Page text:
It’s not clear that there’s an easy “ground truth” about how to consider all of these instrumental inputs, and which three letter acronym we should trust. Does that mean we have to give up on the capabilities approach too?
Revealed preference reveals
One way to avoid the arbitrary choices associated with these indices is to try and find the most fungible inputs which contribute to people's capabilities: having resources and being able to use those resources. (Everything else can be “bought” with one of the two.)
A theoretically consistent approach to do so is the Jones-Klenow measure. Loosely, it views resources as inequality-adjusted consumption per capita and measures the ability to use those resources as lifetime leisure.
More formally, it models expected lifetime utility as follows:
Begin with an annual utility function which depends on consumption and leisure.
For each year, multiply by this by the likelihood of still being alive by that age and by a discount factor which represents people’s impatience.
Sum these up across 100 years.
Take the expected value.
I really like this approach!
To begin with, Jones and Klenow look at consumption per capita, rather than GDP. This is fantastic! GDP measures output, but that makes no distinction between stuff consumed or resources invested. The problem is that investment isn’t an inherent good. It’s only instrumentally useful because the resources it provides can be consumed later, and the welfare-relevant quantity which should be included is consumption.
Next, they adjust for inequality in an incredibly neat way. Economists tend to use utility functions which are concave i.e. those with diminishing marginal utility as income increases. This is the mathematical way of representing why inequality is bad!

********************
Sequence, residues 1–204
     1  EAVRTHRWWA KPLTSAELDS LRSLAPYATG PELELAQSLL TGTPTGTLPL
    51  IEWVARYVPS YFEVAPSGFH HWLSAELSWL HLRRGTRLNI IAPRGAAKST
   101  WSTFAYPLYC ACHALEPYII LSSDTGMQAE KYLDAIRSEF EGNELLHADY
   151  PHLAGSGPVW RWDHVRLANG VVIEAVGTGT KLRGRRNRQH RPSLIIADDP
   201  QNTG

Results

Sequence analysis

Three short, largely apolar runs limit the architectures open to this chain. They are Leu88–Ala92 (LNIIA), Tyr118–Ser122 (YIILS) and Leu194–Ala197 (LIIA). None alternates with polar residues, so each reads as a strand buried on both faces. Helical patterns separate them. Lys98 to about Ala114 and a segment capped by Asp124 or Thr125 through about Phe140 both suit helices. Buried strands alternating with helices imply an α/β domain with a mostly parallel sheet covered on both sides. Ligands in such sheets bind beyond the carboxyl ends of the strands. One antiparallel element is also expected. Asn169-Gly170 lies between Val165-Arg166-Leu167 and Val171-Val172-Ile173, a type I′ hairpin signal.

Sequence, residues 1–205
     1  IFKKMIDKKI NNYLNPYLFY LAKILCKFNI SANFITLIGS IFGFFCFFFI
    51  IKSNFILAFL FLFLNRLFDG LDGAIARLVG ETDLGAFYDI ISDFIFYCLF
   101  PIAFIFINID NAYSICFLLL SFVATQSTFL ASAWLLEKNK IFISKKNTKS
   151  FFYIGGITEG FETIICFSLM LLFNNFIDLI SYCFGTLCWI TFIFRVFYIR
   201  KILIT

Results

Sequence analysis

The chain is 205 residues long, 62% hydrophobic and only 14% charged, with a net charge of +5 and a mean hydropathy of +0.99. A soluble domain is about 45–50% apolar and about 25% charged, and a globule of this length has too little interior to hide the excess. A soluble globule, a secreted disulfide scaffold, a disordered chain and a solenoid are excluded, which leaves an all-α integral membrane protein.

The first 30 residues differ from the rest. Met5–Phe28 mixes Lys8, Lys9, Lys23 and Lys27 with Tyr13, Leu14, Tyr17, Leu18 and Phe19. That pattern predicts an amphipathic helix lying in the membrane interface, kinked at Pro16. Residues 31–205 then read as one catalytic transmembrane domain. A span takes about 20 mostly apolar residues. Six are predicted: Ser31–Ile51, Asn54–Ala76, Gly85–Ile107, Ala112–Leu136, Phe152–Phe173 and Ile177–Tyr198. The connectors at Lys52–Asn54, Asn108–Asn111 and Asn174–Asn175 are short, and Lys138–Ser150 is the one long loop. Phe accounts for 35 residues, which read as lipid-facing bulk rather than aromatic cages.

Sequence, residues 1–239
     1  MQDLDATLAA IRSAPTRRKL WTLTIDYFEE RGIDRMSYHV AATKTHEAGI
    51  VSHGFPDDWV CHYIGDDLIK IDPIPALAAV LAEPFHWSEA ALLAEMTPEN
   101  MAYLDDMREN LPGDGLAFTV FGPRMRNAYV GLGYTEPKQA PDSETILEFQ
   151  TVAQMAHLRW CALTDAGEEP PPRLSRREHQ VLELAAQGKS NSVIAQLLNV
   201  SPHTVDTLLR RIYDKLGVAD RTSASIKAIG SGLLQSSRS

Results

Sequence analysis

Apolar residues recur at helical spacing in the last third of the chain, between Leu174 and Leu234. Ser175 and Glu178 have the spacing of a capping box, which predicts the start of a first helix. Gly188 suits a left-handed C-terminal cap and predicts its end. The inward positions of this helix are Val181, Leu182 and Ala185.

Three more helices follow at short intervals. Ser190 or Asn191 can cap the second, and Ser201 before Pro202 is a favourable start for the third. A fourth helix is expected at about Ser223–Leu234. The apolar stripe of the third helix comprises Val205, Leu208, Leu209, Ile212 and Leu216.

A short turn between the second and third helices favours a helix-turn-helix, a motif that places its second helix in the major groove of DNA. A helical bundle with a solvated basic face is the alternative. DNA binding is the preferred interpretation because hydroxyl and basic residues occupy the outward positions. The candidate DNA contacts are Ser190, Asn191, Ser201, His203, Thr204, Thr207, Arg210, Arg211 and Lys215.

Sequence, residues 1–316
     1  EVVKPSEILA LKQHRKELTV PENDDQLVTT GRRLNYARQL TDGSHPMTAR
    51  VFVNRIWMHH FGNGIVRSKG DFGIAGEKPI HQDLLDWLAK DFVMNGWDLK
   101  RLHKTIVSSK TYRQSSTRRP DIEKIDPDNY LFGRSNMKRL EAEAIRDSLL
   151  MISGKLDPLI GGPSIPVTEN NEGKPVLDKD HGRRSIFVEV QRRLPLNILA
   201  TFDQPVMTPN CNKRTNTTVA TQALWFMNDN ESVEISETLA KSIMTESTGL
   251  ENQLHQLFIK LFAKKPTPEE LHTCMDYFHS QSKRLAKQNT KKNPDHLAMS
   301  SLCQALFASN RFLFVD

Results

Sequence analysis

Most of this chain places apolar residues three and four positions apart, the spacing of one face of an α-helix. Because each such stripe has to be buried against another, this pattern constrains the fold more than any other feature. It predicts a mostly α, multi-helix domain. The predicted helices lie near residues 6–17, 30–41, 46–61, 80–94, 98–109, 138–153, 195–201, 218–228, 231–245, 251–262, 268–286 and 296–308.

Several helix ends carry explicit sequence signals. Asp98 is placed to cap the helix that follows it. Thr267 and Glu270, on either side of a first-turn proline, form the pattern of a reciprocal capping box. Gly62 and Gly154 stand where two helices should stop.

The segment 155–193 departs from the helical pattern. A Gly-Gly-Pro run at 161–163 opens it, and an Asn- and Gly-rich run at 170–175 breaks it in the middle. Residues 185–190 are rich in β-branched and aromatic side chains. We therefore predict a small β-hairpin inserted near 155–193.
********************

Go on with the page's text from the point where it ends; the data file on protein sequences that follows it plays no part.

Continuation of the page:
One of the cool features of concave functions is Jensen’s inequality: the expected value of a concave function applied to some variable is less than the concave function applied to the expected value of that variable. Thus by taking the expected value of the lifetime utility function, they manage to incorporate inequality in a theoretically consistent way.
After that, they manage to take into consideration leisure time. Suppose one country has 10% higher consumption per capita than another. If that’s driven by everyone working 10% harder or longer, it’s hard to say that those living in the former are clearly better off.
Naive measures of welfare ignore this, or at best, include in a clunky and arbitrary weighted way. What Jones and Klenow do is that they look to the enormous literature in economics on estimating utility, which gives us numerical parameters about how people trade-off consumption and leisure.
Finally, when they are integrating the annual utility function over people’s lifetime, they multiply by the probability of being alive at that age. This provides a natural place for life expectancy to be inputted into the calculation: the benefit of being alive is being able to do stuff!
Yet despite all of this work, here’s what this Jones-Klenow welfare measure looks like when plotted against GDP per capita:
The correlation coefficient? 0.98.
Punchline: after all of this extra complication, the thing which matters for people’s capabilities is simply the production possibilities of the country they live in. GDP may well be the worst measure of welfare, except for all of those other forms that have been tried.